Yale's Fab Four

Deep in the Heart of Texts

 October 21, 1981

A local wit once told me that New Haven was the American capital of two isms; literary criticism and transvestism. As a Yale grad student, I saw daily proof of the first, but the second was a puzzle. America's top transvestites, I was told, flocked to New Haven to stay at a certain motor inn and eat at a certain diner. Why, then, hadn't I ever seen any?

"That's easy," my witty friend replied. "If you're a really successful transvestite, of course you don't look like one."

The same might be said of literary critics: the better they are, the less they look like themselves. The finest critics of the past—Dryden, Johnson, Coleridge, Arnold, Eliot—demand to be read as artists; their commentary comes detached from, and sometimes even overwhelms, the "creative" work it comments on. No one complains: those great men wrote plays and poems as well as criticism, and besides they're dead. But how do you respond to a crew of hard-core academics who flaunt their criticism as if it were creation?

If you're a run-of-the-mill lit. professor, teaching remedial English in a one-horse burg like Oshkosh or New York City, you mutter something nasty about New Haven. Not since the early '50s has the mention of that unprepossessing town (or its principal university) evoked such knee-jerk outrage from academic critics who have the good fortune to be employed elsewhere. Thirty years ago the tsk-tsks went to Cleanth Brooks, W.K. Wimsatt, and the other avatars of New Criticism. They wrote unconventional, unsettling books; they wrote them with, for, and about each other; and they revolutionized the reading and teaching of literature all over America.

Now in the hinterlands it's fashionable to deplore a new gang of Yalies who are shaking up academe with an even more profound revolution than their precursors'. Next time you meet a provincial lit. professor, try dropping the name of Jacques Derrida, Geoffrey Hartman, Paul De Man, or Harold Bloom. Chances are his eyebrows will rise, the corners of his mouth will turn down, and he'll ask something judicious about the "value" of what they do.

Yale's new Gang of Four has no label. They're certainly not structuralists; structuralism is as passé as hydropathy. They're no semioticians; they leave that to the purple-haired ephebes at Semiotext(e). Derrida and De man are often called deconstructionists, because Derrida devised deconstruction and De Man deconstructed him almost at once. But deconstruction is big in Oshkosh now; the avant-garde has moved on into nameless territory. And Bloom, as always, like the cheese at the end of the nursery rhyme, stands alone.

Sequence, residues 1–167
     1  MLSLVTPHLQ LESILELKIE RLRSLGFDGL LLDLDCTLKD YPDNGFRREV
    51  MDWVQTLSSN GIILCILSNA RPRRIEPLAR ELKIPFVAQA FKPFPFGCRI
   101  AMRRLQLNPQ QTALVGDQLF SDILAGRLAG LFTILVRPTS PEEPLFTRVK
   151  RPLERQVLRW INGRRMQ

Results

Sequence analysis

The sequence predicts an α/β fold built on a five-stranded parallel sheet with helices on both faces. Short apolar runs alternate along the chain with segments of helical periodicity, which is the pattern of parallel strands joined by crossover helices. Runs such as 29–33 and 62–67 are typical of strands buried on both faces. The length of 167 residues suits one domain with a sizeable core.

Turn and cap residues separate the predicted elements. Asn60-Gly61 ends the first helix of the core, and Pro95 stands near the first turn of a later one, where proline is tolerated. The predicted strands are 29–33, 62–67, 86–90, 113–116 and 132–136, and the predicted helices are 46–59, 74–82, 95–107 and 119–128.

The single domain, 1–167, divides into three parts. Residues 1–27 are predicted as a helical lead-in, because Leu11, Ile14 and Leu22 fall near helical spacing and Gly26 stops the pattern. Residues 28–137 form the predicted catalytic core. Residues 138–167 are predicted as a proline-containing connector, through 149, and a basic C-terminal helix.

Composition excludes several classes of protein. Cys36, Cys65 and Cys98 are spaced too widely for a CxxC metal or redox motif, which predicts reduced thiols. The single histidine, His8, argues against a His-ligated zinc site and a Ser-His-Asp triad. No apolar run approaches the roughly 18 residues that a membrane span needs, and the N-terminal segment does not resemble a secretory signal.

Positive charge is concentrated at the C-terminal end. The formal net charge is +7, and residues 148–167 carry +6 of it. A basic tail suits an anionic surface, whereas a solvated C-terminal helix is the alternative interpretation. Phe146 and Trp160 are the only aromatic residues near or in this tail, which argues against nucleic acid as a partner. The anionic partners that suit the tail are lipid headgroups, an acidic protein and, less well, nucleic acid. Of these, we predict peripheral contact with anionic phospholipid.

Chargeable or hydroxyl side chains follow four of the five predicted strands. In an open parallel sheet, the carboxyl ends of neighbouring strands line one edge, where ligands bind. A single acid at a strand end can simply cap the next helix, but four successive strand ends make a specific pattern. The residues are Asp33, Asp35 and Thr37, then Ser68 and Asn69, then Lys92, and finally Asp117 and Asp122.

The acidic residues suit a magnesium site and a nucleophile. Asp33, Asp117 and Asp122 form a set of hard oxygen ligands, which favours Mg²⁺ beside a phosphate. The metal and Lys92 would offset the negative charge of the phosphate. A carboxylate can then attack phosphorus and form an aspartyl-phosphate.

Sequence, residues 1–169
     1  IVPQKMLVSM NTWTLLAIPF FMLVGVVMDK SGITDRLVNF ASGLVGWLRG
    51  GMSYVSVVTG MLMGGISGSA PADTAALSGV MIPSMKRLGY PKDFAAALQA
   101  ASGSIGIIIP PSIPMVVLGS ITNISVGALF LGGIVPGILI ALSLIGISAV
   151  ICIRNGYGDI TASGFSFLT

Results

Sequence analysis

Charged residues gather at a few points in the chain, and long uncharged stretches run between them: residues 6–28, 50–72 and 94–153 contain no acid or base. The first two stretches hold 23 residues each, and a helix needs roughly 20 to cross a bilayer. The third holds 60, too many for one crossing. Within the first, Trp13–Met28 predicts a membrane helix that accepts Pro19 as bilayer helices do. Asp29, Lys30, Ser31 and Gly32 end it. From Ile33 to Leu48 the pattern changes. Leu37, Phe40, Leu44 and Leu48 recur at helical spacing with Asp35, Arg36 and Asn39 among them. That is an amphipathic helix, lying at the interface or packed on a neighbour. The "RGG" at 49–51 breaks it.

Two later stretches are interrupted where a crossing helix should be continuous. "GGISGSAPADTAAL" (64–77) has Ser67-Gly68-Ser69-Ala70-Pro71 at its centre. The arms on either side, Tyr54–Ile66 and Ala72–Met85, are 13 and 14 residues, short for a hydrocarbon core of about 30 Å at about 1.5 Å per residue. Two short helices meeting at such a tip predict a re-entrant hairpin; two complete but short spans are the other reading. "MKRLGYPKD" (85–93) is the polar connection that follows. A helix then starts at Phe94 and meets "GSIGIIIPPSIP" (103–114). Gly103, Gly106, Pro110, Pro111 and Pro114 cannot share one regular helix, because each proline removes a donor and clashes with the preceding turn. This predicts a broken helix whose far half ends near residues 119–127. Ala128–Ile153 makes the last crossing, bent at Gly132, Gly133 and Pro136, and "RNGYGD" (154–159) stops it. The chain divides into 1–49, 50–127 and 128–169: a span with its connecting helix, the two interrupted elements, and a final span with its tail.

Strictly speaking, Derrida isn't a literary critic, nor does he belong to Yale. He's a philosopher, and his home is the Ecole Normale Superieure in Paris, where he teaches the history of his proper discipline. But for several years he's been traveling to New Haven to offer seminars, and from the American point of view he's indelibly tarred with the Old Blue brush.

If any single person deserves credit (or blame) for having instigated the current shake-up in American literary criticism, it's Jacques Derrida. His influence has been slow to catch on here, thanks to long delays in translation, but it's already widespread and growing. Next month the University of Chicago Press will add Dissemination (tentative price, $22.50) to the shelf of Derrida in English, completing the splendid triad of books that a decade ago announced to the world of philosophy that Heidegger had a successor.

Published in French in 1972, Dissemination rounds off the critique of "logocentrism" begun in 1967 with Of Grammatology (Johns Hopkins, $24.50, $6.95 paper) and Writing and Difference (University of Chicago, $20, $6.95 paper). Its three large essays—on Plato, Mallarme, and Phillippe Sollers—supplement Derrida's earlier deconstructions of Rousseau, Freud, Artaud, and others by showing that, from classical Greece to the present moment, Western philosophy and literature have been centered on the logos—the self-present plenitude of the living, speaking voice.

Speech came first, and writing—dead, different, poisonous writing—followed after; so runs the tale of logocentrism. Deconstruction, as Derrida performed it, plots this tale through any text—finding the belated, external thing always already there at the center, unveiling a trace of the necessary supplement at the heart of original fullness. Any text: Derrida treats literature as philosophy and philosophy as literature. The deconstructor knows no discipline, adheres to no genre; he stands simultaneously inside and outside them all. He is constantly, as the computer scientists say, jumping out of the system, even when that system is the text that he himself constructs.

Derrida's early work resists this lust in his technique, but his more recent books have aggressively surrendered to it. There is already a trace of his now-past future in Dissemination's "Outside the Book," prefaces about prefaces; but deconstruction here still looks like a method, something you could learn or at least ape. In 1974, in his probably untranslatable Glas, Derrida jumped out of that system for good. Since then, he's been dancing.

Glas is the Finnegans Wake of what, for want of a better term, has to be called criticism; it combines literature, philosophy, autobiography, and a heavy dose of Space Invaders. The "book" is "about" Genet and Hegel, but its two-columned, multi-type-faced, polyglot pages not only refuse translation and proper naming; they also can't be read—not, at least, in the usual sense of "reading," another deconstructible system.

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